Currently the 2018/Next Generation Bomber/B-3 is on the USAF’s wish list, and is in the early stages or design and development. Will such a high-price item survive the looming defense cuts? It should if the folks at the Pentagon and Congress have a head on their shoulders. This aircraft is supposed to provide a low observable multi-mission platform, one that can conduct certain surveillance missions as well as the bombing role in the not so distant future and will rely on spiral development instead of the “block 1 = 100% solution at all costs” type of mentality that has been the killer of high-tech defense programs in the past. The aircraft is supposed to be subsonic utilize a mix of leading edge and proved technologies, instead of soley “bleeding edge” highly expensive and long-term development technologies. With the aforementioned need for a stealth tanker, ISR platform, transport and bomber in mind, I think there is a massive opportunity here to field a single platform that can in effectively accomplish all the missions mentioned. Developing one baseline airframe design that can be adapted individually for many different missions sets would allow America to field various technologies, some we may not have even thought of yet, over time. Keep in mind that although certain “modular” missionized equipment sets could be swapped in and out as needed, not all missions would have to be performed by each airframe. Quite the contrary, such an aircraft would provide an “open architecture” template to build off of and modify for each mission set as needed or as they emerge in the future. For instance, a tanker version could also be used as a transport as well, but not as a bomber or surveillance platform. Conversely, a bomber variant could be used also as a surveillance platform and so forth. One base design, maximum flexibility amongst common mission sets.
It all comes down to philosophy. It may be near impossible to take a state of the art stealth bomber design and make it into a tactical transport, BUT it is not impossible to take a stealthy tactical transport and turn it into a bomber, tanker or information, surveillance and reconnaissance truck. In fact, it makes total business sense, instead of investing in one airframe for a couple uses, you can invest in that same airframe for a dozen uses that span across the tactical and strategic spectrum. The only problem is that you have to go into the design process with such a goal, you cannot add it later.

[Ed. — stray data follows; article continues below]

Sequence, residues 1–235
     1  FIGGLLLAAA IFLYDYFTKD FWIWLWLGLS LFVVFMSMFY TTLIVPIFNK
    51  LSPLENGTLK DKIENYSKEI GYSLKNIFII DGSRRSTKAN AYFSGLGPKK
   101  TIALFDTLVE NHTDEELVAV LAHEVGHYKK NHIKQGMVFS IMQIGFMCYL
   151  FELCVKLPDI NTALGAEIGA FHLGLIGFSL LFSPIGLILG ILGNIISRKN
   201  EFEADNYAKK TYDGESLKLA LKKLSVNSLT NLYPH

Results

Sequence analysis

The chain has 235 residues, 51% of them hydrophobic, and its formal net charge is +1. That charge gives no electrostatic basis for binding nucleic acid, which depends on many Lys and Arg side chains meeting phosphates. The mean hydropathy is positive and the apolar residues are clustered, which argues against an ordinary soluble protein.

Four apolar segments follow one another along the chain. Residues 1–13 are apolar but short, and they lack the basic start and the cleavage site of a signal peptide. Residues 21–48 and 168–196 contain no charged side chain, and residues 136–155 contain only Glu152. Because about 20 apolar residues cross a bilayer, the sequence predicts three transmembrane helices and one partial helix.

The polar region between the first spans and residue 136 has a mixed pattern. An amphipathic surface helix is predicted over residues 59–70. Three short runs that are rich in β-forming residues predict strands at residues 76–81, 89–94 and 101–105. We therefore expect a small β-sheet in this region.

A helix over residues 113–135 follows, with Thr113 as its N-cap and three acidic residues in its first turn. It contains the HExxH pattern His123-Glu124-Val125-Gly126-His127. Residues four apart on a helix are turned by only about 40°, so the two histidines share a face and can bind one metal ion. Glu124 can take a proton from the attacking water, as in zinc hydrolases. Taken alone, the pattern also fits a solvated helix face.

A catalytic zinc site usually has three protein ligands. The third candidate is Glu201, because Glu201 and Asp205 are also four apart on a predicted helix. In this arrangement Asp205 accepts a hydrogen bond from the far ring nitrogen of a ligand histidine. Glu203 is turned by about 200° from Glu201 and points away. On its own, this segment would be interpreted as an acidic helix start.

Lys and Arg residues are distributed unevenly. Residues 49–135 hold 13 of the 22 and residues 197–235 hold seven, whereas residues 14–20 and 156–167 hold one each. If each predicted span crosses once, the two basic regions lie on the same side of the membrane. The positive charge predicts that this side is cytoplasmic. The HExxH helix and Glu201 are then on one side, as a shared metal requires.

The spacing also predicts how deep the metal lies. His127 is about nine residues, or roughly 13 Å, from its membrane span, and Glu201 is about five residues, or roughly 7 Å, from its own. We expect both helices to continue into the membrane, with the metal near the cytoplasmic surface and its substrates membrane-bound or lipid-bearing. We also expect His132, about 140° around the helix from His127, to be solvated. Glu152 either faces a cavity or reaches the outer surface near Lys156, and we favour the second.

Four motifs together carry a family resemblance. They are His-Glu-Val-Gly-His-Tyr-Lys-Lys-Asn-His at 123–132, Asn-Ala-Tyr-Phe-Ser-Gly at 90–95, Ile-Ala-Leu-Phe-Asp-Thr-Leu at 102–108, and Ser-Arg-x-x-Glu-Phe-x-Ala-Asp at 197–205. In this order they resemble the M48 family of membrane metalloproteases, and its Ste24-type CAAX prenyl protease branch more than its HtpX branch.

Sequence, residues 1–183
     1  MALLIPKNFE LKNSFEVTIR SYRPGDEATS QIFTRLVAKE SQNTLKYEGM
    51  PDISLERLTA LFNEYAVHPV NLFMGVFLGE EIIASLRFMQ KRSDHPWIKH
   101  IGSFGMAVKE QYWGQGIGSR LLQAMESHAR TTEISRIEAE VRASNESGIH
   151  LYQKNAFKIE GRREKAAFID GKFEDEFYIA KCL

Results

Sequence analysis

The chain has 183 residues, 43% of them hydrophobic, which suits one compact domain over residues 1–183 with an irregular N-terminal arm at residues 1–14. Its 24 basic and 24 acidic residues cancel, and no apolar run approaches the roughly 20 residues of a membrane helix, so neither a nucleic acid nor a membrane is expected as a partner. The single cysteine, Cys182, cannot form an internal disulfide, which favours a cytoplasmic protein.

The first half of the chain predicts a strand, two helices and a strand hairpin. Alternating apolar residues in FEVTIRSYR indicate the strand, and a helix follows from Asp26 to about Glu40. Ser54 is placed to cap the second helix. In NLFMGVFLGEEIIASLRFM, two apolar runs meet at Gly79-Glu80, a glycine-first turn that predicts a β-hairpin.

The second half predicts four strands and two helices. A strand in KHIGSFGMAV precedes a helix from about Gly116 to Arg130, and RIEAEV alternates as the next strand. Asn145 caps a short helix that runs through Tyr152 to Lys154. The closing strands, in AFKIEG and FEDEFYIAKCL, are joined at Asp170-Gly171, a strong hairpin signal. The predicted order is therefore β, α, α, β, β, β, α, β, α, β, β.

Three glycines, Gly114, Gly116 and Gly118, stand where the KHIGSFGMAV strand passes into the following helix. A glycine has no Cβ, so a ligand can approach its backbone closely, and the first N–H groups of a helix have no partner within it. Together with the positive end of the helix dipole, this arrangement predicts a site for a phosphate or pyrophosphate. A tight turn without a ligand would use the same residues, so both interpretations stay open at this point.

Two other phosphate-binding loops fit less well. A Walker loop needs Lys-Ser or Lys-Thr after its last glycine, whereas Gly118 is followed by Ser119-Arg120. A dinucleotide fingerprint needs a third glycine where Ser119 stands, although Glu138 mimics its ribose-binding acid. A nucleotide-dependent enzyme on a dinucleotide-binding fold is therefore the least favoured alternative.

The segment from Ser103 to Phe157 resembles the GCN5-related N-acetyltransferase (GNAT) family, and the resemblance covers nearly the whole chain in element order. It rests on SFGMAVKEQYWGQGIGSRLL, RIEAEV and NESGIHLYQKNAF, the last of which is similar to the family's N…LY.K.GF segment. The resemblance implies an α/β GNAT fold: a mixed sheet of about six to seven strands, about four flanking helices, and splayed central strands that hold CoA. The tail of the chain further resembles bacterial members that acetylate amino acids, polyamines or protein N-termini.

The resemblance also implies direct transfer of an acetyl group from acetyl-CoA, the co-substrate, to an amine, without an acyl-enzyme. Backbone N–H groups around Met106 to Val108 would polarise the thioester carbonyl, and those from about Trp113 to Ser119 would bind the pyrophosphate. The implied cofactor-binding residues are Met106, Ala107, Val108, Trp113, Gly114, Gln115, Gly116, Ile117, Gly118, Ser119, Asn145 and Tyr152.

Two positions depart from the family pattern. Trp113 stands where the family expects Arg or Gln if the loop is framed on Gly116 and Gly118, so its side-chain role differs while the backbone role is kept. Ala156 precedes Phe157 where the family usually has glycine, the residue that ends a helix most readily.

Those who would say that this concept is similar to the F-35/JSF boondoggle may have some grounds at first glance, but in reality they are totally wrong. The JSF requires mach speeds, high maneuverability, game changing avionics and stealth, all in a tiny package. The joint stealth bomber / tanker / ISR / transport / Jammer concept requires subsonic speeds and is large and flexible by its very design and philosophy. The economies of scale here would be massive and the program would really be a game changer when it comes to America’s ability to project survivable air power, and even ground forces, of many different types, over long distances, to anywhere in the world at a moments notice.
Probably the best idea to make such a concept a reality is to start with Lockheed Martin’s “Speed Agile” concept which shows promise and has already been in conceptual research and development for some years.
You can read more about Speed Agile here:
In conclusion, the USAF should get off its fighter fix and look toward making a true multi-role stealthy heavy aircraft platform a reality. At a minimum, giving the USAF’s current and misguided procurement plans, a stealth tanker is absolutely necessary. But why stop there? A joint heavy stealth platform would offer maximum flexibility and capability not just when it comes to America’s potential future conflicts in the Pacific but also in the ongoing Global War On Terror. Such a platform could provide certain and persistent close air support, strike, ISR, tanking, networking, jamming and clandestine insertion capabilities over an increasingly lethal and uncertain battlefield.